(actual) Creativity and innovation in the finance industry 02 June 2021
I scheduled a Zoom with Duncan (his expertise would clearly be better in person but these are the times we live in) and as I typically do, prepared my list of six questions. I introduced myself and explained how I thought his insight could be useful for our global banking and insurance membership. Duncan stopped me and said “Mind if I just go?” With this type of expert, it’s typically best to just cede the floor. So that’s what I did.
Clear time for innovation in the work day
Duncan has spoken in front of thousands of people, and he often poses the question: “What time of the day do most ideas come to you?” People give all types of responses: in the shower, just before bed, while out for a leisurely stroll. One answer he never hears? At work. Hang on a minute. If we are supposedly working at innovative institutions that are theoretically paying us to come up with new ideas, then why aren’t any of these groundbreaking ideas coming to us during our working hours? Clearly something is amiss.
In his time at Disney, they surveyed 5,000 people across all the Disney brands, asking them what the barriers were to innovating inside a large, corporate environment. The number 1 answer? 68% of people said “I don’t have time to think.” Work days inevitably fill up with meetings, Zoom calls, and drafting emails. None of those activities are conducive to ideating. In fact, they are inimical to the creative process.
Walt Disney was originally constrained by the strict rules and environment of a movie theater. You have to sit down, be quiet, and can only watch one movie at a time. These rules curbed his incessant imagination. Instead of trying to simply improve the experience inside that restrictive environment, he asked, “What if I take my movies out of the theater and make them three dimensional?” Asking that question led to DisneyWorld and one of the most iconic brands of our time. The more provocative and absurd your “What if” question is, the further out of your river of thinking you’ll get, opening up unprecedented opportunities.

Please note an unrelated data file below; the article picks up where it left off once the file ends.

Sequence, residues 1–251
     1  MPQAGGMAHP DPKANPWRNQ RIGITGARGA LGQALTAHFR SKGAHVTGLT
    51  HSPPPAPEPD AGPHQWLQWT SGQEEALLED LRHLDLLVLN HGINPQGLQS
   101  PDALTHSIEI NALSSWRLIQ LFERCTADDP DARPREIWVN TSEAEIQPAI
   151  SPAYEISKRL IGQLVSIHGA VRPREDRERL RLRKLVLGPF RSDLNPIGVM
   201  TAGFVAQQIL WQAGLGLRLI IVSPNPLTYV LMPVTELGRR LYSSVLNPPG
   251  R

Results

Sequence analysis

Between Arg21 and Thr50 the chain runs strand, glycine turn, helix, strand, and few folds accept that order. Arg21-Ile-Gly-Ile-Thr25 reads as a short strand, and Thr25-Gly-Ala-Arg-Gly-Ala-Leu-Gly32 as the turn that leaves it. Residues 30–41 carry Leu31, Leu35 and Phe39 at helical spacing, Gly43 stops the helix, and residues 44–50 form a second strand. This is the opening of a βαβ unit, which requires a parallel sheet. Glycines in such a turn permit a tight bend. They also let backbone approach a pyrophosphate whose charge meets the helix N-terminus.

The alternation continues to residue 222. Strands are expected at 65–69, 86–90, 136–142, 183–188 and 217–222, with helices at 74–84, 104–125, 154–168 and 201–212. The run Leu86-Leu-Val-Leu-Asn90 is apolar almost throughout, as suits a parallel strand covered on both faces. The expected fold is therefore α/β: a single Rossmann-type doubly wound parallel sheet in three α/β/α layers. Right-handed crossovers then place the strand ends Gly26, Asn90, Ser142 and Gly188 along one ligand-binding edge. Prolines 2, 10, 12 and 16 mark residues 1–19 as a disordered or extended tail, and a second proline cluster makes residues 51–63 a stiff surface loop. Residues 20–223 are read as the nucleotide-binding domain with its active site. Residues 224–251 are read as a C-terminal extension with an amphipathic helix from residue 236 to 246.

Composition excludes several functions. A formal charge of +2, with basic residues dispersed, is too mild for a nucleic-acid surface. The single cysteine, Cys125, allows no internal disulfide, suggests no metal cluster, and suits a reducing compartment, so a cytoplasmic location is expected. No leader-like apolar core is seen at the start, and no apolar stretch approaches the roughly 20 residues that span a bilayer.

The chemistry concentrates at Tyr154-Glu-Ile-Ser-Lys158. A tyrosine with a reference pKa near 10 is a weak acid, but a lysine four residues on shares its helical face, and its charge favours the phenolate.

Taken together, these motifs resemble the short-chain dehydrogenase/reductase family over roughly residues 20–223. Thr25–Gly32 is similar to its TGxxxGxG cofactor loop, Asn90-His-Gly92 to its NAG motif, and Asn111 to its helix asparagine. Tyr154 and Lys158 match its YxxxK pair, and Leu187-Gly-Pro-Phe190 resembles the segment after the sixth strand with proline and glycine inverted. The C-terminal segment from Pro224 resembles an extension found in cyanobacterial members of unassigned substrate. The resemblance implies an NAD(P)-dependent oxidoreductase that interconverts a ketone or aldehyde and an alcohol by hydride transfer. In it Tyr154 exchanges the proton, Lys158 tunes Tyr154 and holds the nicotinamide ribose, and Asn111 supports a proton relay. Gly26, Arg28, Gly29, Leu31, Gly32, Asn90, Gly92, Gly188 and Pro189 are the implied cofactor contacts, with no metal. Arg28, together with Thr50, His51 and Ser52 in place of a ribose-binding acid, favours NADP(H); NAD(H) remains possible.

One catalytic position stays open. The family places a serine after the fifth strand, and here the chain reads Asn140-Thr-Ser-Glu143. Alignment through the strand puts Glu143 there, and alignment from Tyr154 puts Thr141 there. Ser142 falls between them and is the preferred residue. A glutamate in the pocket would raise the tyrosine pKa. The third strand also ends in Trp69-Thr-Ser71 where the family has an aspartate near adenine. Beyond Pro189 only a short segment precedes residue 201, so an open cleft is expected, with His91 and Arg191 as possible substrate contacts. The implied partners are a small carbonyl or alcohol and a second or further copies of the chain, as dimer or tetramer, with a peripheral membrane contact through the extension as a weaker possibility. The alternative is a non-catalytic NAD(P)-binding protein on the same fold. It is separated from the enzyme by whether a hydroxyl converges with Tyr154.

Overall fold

Reframe the question to unlock long term value
Another benefit of a knowing your customers on a deeper level is understanding where their pain points really are. Duncan was at the heart of one of the biggest innovations at Disney theme parks: the MagicBand. But the wristband was not the result of Disney executives getting together in a boardroom to identify a new revenue stream. The innovation was instead the result of a fundamental reframing of a question. Instead of asking “How can we boost profits?” Duncan asked “How can we eliminate a major pain point for guests?” Using radio-frequency id (RFID) technology, they created the MagicBand that streamlined the entire park experience for guests. They can access their hotels, check in to FastPass+ entrances, and order food, all with the band. It also led to incredible new data collection on guest behavior. They now understand, in finely grained detail, how guests are spending their time (and money) at the parks, and can adjust accordingly.
That incredible innovation at the park wasn’t the result of just trying to make more money. As Duncan said, if they wanted to do that, they would have just raised ticket and hotel prices. Asking the wrong questions will have long-term effects on company success. “If companies continue to ask themselves how they will make more money, Generation Z will see them gone. This is a generation that cares about purpose more than profit. Not only will they not buy your products and services if they don’t believe in what you stand for, they won’t want to work for you,” said Duncan.